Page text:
While photographing the Palo Pinto County Courthouse, I was intrigued with a section of sidewalks bordered by bricks. I recognized (of course!) Fort Worth and Thurber Brick Company, but the others were new to me: Globe, Palmer, and Standard. Fort Worth Brick Company (Acme Brick) was established in 1908 with a capital stock of $30,000 by John R. Darnell, L. H. Sargent, and A. L. Davidson (“New Corporations”, The Houston Post, 26 September 1908, p. 5).
Thurber Brick began in 1897 using leftover non-commercial pea coal and deposits of shale clay. Thurber was home to coal mining and manufacturing brick became an additional source of revenue using readily available ingredients. The leftover coal was used to fire the kilns. It was the largest and busiest plant west of the Mississippi at its peak, and had 800 workers making 80,000 bricks per day (Cox, M. 2010. Texas Tales. Texas Escapes). The brick plant was about a half mile from Thurber, and ceased operations in 1931. The triangle on the brick was the Union symbol for Brick, Tile, and Terra Cotta Workers Alliance, and featured the initials B, T, T in the points.
Palmer Pressed Brick Company operated out of Palmer, Texas.
The Palmer brick plant was started in motion Monday morning. Only a few brick were made Monday, owing to the breaking of some part of the press machinery, but it is only a temporary brake [sic], and was soon made ready by the blacksmith’s tools. About 4,000 brick were made Monday, and they were beauties, as pretty as can be made by any plant in the state. The second dry pan has not arrived yet, hence only one press is in operation, but it is turning out about 20,000 brick a day. The first kiln is being built of green brick. It will be quite a while before a kiln can be turned out ready for market. So far everything looks very promising.–Palmer Rustler. (The Waxahachie Daily Light, August 16, 1902)
Standard Brick Company was also located in Palmer. It was chartered with capital stock of $30,000 by Luke Harrison, J. R. Beck, and J. B. Elgan in 1910 (Houston Post, 03 June 1910, p. 5). Globe Press Brick Company was located in Ferris, Texas, and organized by T. J. Weatherford, W. E. Weatherford, and John V. Muntz with capital stock of $30,000 in 1904 (El Paso Herald, 22 November 1904).
This is so interesting. I love seeing stamped bricks!
Me, too! I have 2 stamped bricks in my personal “collection” from Abilene, Texas and Lumberman’s Special from the Acme Brick company of Wichita Falls, Texas.
It is interesting, just like sidewalks and manhole covers! I have a number of the ones with the marks indicating D’Hanis (Texas) and Whitesellel Corsicanna Red. They don’t match the bricks on the house, so they were acquired by the previous (also original) owner. I use them for landscaping with the words up as I enjoy seeing the marks. I’ll be looking for these that you found!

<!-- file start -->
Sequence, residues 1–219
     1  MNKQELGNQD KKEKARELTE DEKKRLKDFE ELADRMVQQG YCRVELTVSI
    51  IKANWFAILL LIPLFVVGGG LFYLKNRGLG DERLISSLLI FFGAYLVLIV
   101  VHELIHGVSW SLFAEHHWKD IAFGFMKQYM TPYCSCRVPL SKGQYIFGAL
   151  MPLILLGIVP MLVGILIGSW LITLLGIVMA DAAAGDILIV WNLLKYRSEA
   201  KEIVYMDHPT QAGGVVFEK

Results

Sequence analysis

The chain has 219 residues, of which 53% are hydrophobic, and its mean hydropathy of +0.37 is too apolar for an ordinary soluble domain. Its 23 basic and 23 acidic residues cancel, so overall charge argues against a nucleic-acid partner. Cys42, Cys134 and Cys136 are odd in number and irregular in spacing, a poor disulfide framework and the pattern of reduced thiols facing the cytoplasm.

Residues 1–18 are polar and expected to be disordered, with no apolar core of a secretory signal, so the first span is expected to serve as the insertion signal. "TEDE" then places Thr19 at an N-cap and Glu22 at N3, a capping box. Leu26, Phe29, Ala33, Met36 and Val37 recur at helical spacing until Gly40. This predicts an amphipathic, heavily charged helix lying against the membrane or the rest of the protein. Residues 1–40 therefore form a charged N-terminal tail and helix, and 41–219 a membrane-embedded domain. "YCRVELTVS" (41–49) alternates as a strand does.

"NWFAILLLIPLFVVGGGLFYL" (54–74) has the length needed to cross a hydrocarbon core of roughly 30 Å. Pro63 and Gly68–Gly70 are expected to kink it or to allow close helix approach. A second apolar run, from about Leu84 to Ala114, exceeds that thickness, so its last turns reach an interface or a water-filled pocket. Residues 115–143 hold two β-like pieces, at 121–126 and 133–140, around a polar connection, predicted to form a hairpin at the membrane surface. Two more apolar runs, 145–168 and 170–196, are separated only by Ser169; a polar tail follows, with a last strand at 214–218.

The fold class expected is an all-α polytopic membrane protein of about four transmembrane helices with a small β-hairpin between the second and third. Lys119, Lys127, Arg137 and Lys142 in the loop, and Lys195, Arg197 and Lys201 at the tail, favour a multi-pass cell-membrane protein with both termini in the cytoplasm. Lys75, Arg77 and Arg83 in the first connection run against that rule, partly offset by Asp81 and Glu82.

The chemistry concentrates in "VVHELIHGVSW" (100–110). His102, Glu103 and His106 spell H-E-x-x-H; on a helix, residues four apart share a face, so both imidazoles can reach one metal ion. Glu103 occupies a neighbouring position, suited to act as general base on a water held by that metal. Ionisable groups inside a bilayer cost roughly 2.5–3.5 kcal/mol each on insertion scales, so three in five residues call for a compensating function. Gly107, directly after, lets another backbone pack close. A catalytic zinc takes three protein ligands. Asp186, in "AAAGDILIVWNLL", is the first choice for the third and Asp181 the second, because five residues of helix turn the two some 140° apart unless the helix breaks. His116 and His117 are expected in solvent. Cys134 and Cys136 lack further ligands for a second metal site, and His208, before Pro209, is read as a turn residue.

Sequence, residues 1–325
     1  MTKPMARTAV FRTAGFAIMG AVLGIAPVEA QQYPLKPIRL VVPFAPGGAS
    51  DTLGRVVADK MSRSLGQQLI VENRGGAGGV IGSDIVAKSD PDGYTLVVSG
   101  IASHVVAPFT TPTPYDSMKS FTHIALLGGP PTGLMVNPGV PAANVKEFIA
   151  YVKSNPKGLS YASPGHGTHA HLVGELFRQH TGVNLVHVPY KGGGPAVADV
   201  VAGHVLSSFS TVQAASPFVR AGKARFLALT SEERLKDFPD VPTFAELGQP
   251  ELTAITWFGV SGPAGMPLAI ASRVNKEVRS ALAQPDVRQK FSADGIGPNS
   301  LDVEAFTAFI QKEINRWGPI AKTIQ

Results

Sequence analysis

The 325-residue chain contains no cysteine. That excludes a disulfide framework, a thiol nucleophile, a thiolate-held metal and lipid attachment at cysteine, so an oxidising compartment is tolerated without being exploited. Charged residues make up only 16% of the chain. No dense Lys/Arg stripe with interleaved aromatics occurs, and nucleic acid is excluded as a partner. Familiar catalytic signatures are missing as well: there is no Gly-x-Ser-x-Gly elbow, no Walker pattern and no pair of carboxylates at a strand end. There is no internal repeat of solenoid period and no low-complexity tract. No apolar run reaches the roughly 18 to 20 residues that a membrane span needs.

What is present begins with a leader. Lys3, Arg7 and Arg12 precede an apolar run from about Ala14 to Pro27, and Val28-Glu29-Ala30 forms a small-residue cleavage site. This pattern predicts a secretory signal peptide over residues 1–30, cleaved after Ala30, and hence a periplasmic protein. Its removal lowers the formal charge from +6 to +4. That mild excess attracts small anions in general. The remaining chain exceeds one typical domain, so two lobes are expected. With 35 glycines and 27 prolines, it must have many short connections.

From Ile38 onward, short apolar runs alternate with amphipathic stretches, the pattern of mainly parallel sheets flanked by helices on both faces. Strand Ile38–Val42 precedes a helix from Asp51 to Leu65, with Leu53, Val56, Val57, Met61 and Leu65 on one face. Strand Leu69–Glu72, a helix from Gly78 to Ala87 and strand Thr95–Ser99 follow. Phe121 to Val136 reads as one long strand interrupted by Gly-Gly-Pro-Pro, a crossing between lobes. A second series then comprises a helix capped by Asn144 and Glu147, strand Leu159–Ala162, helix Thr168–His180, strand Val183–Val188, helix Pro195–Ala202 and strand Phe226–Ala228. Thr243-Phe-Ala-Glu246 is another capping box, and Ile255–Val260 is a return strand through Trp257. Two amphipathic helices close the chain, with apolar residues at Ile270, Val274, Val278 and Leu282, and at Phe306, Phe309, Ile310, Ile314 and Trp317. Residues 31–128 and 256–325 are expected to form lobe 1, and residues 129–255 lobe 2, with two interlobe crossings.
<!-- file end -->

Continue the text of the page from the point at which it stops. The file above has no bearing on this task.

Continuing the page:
Cool! You should post some pictures!
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I would love to visit with you about these Bricks! I just purchased the old house across from the Courthouse in Palo Pinto, I have to dismantle the house and remove all the brick, I want to know more about this brick!
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I take it you are moving the house elsewhere? I am not sure which brick you mean, if it is what is on the house or the ones at the courthouse. I relied on information from the historic newspaper archives about the bricks around the courthouse. If your house brick has identification stamps that are not among these, I can look up the brick in historic papers, but other than that, I know little about the brick business. Let me know what it is you want to know and I will try to help.
Ok thank you, yes I am having to relocate the House, the Brick I’m speaking of are used as Pavers around the House, in sidewalks and as Patios, there is also a stack of them that I am having to move, the House belonged to the County and they are going to make a parking Lot for the overflow traffic at the Courthouse.
The Brick has either Malakoff, Palmer, Ferris, Fort Worth, Globe, Atlas, Texas, or a Star symbol on them (they are mixed and matched) I have learned some since my first comment to you but am mainly trying to establish a value on the Brick.
I would not know about the value, though a quick search seemed to indicate the best process is locate an antique brick dealer. Prices can vary from low to high. There does seem to be a market for antique or vintage brick. I hope it all goes well for you.